There is considerable interest in contemporary Germany about the history of the Holocaust and about Jewish religion and culture, but there is little detailed knowledge about the perpetrators – especially those in one's own family. While the Holocaust is taught in schools, portrayed in the media and discussed in public life, it continues to be a taboo subject in most families. Young Gentile Germans generally have no idea what their parents, grandparents, aunts and uncles did during the period 1933-1945. Many laudatory speeches during birthday parties and eulogies during funerals simply skip over this time and construct biographical outlines without these years.

I was "lucky" that one of my uncles decided to show me a newspaper article during a family gathering that reported about a trial in the early seventies involving Nazi crimes. I was about thirteen when I read that my uncle, Alfred Ebner, was accused of killing 30,000 Jews, and that his trial was to be discontinued because of health considerations. Alfred Ebner was sitting across the table from me while I was reading this news release. He was a regular guest at family gatherings and I had often visited his family's house in Stuttgart before my family moved to Munich. I remember my confusion and inability to make sense of this information while he sat peacefully (and apparently healthy) among my family. What was I to make of the fact that my family did not censure him? Would my family not ostracize him if he had killed one person, or two? The fact that he sat among us unperturbed seemed to imply that these murders never happened. I wondered, how does one person kill 30,000 people? Where did he do it? Who were his victims?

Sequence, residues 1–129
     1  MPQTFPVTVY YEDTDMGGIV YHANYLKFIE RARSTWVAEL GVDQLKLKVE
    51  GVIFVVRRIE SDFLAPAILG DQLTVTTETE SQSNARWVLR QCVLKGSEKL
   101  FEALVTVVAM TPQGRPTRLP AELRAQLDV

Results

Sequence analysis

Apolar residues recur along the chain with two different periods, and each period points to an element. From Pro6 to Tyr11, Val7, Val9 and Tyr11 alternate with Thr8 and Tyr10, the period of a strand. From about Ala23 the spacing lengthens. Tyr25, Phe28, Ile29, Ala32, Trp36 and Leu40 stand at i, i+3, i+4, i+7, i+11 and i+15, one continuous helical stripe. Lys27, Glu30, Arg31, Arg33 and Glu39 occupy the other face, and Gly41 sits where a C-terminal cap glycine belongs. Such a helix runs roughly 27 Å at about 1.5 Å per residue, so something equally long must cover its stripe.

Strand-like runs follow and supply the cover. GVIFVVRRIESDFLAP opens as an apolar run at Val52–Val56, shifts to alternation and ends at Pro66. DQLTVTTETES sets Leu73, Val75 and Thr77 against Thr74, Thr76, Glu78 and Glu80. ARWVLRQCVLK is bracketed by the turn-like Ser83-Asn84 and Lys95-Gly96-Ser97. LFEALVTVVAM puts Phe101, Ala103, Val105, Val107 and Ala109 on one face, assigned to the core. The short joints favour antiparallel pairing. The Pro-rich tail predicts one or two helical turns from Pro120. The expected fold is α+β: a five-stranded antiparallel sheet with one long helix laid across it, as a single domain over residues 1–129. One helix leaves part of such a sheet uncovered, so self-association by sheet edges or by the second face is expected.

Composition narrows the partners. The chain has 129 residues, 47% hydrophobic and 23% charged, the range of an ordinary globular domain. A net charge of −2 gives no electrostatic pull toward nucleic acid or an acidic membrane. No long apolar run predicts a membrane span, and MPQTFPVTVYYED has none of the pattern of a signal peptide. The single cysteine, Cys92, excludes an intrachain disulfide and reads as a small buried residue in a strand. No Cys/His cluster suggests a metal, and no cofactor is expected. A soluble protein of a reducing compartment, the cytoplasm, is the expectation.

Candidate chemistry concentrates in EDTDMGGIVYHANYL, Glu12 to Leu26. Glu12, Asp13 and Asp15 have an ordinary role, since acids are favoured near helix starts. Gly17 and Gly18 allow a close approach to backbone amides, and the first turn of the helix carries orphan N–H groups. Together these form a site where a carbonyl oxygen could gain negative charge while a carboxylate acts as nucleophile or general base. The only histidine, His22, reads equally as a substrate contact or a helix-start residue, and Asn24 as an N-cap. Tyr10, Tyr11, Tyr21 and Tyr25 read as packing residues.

Would my family not ostracize him if he had killed one person, or two?

My attempts to find out more were brushed off: "Of course, he didn't do these things, these are all lies. Leave this old man his deserved peace, he has suffered enough..." The newspaper article was taken from me and my questions ran into stony walls of silence. For years, I pestered family members with questions about this subject to no avail. Eventually, I "forgot" (repressed?) this incident. Years later, as a graduate student in religious studies and in conversation with Jewish survivors and their children in the United States, I "remembered." As I saw myself through the eyes of my Jewish dialogue partners, I realized that my ignorance was not innocent. My lack of precise knowledge colluded with the perpetrators' desire to conceal their crimes. In order to interact with Jewish peers, I had to break the "conspiracy of silence" and become much more deliberate in my search for the truth.

For the first time I understood the temptation of denial.

Since my close and extended family continued to resist any inquiry into "the past," I decided to turn to historical archives. Strict privacy laws protect German archives and I had to show my academic credentials before I gained access to the indictments against Alfred Ebner. When I began reading the charges, my initial sense of triumph at having broken through the wall of silence soon disappeared. As his crimes became real to me, I too did not want to be burdened with this knowledge. I had to force myself to continue reading and for the first time, I understood the temptation of denial. Maybe this was not true after all?... How could the old man of my childhood be identical with this fanatical killer?